Two permanent exhibition rooms are situated in the Amstel Wing. One focuses on the connection between Holland and Russia. The other on the history of patient care in Amsterdam, particularly care of the elderly at Amstelhof.

Resource Centre

The resource centre offers visitors all kinds of information about the history of Russia, Russian-Dutch relations, the Hermitage in St Petersburg and the history of Amstelhof.

Hans van Heeswijk Biography

Hans van Heeswijk (b. 1952) graduated in architecture at Delft Technical University. He was subsequently apprenticed to Aldo van Eyck in Amsterdam. In 1985, four years later, he set up his own architectural office, also in Amsterdam. Meanwhile he has completed numerous prestigious projects, in which clarity and light form a definite leitmotif. These are terms that certainly fit Hermitage Amsterdam.

Interior: Merkx+Girod

Sober, clinical and contemporary are qualities that characterise Hermitage Amsterdam’s interior. With a few golden eggs here and there: special elements to create an atmosphere. Evelyne Merkx and her team focus on more than just the interior; they analyse the building as a whole. That forms the basis for their designs for the various spaces inside the building. They then develop museum component packages to be located in different parts of the building. The reinforced walls - plain, light, some with peepholes - contain the constructions and installations that every museum needs. Also included in some places in the walls are seats, showcases and signing. By structuring everything in this way, a clear image emerges: simple and sober. In short: harmony.

Merkx+Girod Biography

In 1985, interior architect Evelyne Merkx set up her own design studio. Since 1998 she and architect Patrice Girod have formed a joint architectural and interior architecture bureau. They have been responsible for many projects ranging from the refurbishing of Hema department store to the extension of the Raad van State building. Merkx+Girod employs a staff of around thirty and is located in Amsterdam.

Garden: Michael van Gessel landscape architect

The courtyard has served many functions over the years. For a while it was a bleach field for laundry. Following a thorough restoration in the 1970s, garden architect Mien Ruys was commissioned to design a new garden. She rearranged the grounds in a practical and functional fashion, with gravel tiles, railway sleepers, seats and of course plenty of greenery.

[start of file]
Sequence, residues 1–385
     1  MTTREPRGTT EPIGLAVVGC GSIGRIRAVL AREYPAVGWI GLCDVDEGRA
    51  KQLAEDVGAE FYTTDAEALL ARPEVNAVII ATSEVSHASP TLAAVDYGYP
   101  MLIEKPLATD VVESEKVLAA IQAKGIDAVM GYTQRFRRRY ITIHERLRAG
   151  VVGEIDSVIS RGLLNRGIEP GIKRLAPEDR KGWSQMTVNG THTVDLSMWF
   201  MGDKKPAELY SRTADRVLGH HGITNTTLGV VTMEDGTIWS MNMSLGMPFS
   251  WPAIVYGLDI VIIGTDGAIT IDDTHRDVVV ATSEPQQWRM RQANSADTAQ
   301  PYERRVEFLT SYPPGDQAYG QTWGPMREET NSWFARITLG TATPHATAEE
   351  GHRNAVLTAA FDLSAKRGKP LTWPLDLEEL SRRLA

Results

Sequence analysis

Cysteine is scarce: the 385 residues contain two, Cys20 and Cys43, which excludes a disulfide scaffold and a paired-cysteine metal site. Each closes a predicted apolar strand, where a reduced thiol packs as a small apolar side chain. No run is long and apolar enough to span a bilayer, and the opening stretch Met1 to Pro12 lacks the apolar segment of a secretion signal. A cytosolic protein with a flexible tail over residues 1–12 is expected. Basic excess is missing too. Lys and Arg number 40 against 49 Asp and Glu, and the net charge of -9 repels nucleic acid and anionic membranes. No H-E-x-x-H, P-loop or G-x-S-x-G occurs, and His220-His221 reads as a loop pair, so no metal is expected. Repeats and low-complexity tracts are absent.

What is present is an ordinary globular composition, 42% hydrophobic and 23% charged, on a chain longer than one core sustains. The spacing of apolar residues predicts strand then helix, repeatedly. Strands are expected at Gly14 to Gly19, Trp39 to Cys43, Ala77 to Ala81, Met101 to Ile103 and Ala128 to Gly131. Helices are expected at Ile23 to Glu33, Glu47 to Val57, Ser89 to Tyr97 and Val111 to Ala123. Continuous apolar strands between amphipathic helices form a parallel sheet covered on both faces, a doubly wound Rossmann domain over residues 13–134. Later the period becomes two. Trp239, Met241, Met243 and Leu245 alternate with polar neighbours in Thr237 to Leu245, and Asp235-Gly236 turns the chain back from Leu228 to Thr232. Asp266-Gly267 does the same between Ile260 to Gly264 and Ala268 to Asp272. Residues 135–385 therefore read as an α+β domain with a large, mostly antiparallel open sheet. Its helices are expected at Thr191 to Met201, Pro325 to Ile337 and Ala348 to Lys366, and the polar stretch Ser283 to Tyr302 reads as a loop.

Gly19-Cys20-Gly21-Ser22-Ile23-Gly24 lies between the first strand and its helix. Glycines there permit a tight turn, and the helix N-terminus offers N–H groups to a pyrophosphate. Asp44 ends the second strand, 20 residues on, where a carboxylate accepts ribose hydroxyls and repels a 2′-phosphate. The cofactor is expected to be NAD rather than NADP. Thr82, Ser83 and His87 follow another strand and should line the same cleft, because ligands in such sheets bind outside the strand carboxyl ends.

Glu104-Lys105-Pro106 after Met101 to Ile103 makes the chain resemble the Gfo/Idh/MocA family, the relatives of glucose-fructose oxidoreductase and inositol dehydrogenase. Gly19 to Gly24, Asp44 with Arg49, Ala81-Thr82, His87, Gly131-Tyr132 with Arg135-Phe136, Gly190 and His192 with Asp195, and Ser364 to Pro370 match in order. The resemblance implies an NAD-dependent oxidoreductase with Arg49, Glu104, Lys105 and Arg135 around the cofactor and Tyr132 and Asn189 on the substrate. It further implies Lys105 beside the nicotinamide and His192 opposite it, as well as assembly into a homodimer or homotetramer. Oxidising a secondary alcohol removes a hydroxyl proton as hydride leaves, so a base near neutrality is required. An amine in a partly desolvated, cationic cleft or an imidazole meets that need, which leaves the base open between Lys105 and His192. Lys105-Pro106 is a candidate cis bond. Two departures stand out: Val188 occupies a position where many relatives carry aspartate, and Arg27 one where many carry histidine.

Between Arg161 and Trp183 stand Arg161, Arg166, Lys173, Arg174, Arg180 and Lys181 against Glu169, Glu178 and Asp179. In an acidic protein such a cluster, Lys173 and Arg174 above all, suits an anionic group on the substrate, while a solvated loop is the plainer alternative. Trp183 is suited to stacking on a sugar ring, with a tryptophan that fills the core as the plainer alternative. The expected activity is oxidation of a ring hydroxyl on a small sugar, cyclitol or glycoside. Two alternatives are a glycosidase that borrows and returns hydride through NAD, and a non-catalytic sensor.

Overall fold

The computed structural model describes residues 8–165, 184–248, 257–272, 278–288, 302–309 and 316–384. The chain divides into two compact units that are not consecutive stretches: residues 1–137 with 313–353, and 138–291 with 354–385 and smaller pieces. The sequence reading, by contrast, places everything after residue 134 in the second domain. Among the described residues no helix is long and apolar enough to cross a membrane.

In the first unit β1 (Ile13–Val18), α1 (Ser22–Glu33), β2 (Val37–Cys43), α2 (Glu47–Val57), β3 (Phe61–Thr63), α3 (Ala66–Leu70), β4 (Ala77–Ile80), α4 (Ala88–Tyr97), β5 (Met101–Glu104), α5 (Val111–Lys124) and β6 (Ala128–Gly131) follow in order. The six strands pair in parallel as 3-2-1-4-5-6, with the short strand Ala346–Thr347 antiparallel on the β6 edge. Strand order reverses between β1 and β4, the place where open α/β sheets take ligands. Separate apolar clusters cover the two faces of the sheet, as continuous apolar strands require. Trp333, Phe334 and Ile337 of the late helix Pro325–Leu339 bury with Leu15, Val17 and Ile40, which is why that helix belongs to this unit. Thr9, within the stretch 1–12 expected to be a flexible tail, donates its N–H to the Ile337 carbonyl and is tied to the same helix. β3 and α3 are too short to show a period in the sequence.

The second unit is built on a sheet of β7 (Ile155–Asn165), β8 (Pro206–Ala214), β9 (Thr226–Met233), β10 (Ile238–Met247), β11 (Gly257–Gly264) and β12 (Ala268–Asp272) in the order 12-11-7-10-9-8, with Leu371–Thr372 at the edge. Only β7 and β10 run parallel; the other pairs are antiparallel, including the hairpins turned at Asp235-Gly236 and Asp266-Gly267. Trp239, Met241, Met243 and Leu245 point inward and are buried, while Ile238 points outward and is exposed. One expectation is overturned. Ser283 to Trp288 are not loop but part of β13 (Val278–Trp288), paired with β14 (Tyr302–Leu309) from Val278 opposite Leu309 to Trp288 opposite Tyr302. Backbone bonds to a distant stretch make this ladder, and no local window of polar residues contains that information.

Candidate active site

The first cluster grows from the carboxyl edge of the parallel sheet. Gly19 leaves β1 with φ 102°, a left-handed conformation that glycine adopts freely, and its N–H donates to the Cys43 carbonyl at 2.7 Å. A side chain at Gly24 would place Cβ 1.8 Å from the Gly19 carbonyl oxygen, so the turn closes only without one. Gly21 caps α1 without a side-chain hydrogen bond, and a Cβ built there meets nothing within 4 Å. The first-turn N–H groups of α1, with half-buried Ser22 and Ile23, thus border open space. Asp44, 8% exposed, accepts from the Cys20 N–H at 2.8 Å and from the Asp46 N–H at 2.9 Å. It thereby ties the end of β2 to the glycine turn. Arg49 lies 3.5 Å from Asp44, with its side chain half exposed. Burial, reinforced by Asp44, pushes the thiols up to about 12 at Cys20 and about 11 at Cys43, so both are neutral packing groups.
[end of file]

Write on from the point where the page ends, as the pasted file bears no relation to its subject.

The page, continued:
Naturally, a museum garden has an entirely different function. Van Gessel drew inspiration from the building. He took out much of what was there, but left the large chestnut trees that had been there for over 200 years. They are the feature of the garden. These are accompanied by bulb flowers in the spring and lots of grass. The lawn is surrounded by a stone perimeter that visitors can use to sit on. Across the lawn is a path, leading from Ossenpoort to the foyer. “A wonderful place, in the heart of the city, green and serene. The garden draws attention to the building, to the rhythm of the building. The garden isn’t trying to do more than it can, it has a simple message. That’s what I like,” explains Michael van Gessel.

Michael van Gessel

Van Gessel graduated in garden and landscape architecture at the Agricultural Institute in Wageningen. Later, he worked for Bureau B + B. Since 1997, he has worked as a freelance advisor on landscape architecture and urban planning. He designed the garden for Belvédère Museum in Oranjewoud near Herenveen. He also supervised the renovation of Amsterdam’s Vondel Park and the public open spaces on IJburg.

Opening hours

Daily 10 a.m. - 5 p.m.
Closed on 27 April (Kingsday)
Open on Christmas Day (25-12) &
1 January 11 a.m.- 5 p.m.

The Hermitage Amsterdam is located on Amstel 51, Amsterdam

Photo Roy Beusker Fotografie

More information:
+31 (0)20 530 74 88

More information online ticketing:
+31 (0)20 530 87 55


Hermitage Amsterdam would like to thank:

Main sponsors
Exhibition sponsor
Media partner
Internet partner